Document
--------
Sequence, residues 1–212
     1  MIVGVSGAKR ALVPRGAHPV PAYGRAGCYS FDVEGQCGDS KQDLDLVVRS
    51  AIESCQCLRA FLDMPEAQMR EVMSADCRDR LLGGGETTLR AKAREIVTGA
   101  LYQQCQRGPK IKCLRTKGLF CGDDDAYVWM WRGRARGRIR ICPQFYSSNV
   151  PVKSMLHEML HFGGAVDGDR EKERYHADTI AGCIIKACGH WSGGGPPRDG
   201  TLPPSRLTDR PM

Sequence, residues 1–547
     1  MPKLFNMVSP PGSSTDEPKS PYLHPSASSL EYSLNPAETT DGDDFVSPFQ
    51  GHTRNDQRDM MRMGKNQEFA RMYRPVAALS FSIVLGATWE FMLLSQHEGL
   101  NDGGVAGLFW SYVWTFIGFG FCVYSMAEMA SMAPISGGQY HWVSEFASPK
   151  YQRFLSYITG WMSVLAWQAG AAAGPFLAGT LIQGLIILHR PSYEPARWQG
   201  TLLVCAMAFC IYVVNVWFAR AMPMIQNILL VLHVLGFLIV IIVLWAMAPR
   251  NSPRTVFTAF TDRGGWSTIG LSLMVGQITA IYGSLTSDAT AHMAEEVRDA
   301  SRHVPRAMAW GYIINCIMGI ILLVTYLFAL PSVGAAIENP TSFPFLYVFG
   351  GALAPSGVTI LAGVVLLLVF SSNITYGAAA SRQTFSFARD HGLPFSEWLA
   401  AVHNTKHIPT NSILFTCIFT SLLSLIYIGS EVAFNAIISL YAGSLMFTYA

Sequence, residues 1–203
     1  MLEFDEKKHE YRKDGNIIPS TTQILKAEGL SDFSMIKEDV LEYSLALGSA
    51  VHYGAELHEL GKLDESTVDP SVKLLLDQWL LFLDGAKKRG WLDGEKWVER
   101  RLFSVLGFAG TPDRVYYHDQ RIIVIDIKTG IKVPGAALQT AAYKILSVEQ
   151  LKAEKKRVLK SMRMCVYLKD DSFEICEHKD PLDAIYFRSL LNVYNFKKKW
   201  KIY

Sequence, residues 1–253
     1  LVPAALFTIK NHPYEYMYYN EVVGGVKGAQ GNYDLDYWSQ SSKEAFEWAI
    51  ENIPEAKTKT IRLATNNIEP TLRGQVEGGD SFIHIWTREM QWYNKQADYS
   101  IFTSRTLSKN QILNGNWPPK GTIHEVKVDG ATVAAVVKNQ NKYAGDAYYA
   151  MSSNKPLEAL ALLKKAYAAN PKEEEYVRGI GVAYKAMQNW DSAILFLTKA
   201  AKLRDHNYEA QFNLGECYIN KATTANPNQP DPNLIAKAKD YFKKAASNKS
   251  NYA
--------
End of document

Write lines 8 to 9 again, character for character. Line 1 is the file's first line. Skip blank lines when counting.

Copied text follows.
     1  MPKLFNMVSP PGSSTDEPKS PYLHPSASSL EYSLNPAETT DGDDFVSPFQ
    51  GHTRNDQRDM MRMGKNQEFA RMYRPVAALS FSIVLGATWE FMLLSQHEGL